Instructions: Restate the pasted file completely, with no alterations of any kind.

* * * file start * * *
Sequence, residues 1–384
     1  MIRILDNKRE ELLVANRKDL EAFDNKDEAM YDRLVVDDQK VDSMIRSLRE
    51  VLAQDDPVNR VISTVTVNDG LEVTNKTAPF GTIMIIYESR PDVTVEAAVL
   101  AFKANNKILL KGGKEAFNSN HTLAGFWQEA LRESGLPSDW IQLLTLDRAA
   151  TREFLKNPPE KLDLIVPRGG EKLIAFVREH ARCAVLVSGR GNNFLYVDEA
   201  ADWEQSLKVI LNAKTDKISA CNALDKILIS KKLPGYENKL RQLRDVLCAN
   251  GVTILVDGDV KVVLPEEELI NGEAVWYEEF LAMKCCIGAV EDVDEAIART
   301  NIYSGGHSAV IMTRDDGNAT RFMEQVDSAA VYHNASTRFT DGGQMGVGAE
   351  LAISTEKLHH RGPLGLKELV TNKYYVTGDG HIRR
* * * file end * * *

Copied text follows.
Sequence, residues 1–384
     1  MIRILDNKRE ELLVANRKDL EAFDNKDEAM YDRLVVDDQK VDSMIRSLRE
    51  VLAQDDPVNR VISTVTVNDG LEVTNKTAPF GTIMIIYESR PDVTVEAAVL
   101  AFKANNKILL KGGKEAFNSN HTLAGFWQEA LRESGLPSDW IQLLTLDRAA
   151  TREFLKNPPE KLDLIVPRGG EKLIAFVREH ARCAVLVSGR GNNFLYVDEA
   201  ADWEQSLKVI LNAKTDKISA CNALDKILIS KKLPGYENKL RQLRDVLCAN
   251  GVTILVDGDV KVVLPEEELI NGEAVWYEEF LAMKCCIGAV EDVDEAIART
   301  NIYSGGHSAV IMTRDDGNAT RFMEQVDSAA VYHNASTRFT DGGQMGVGAE
   351  LAISTEKLHH RGPLGLKELV TNKYYVTGDG HIRR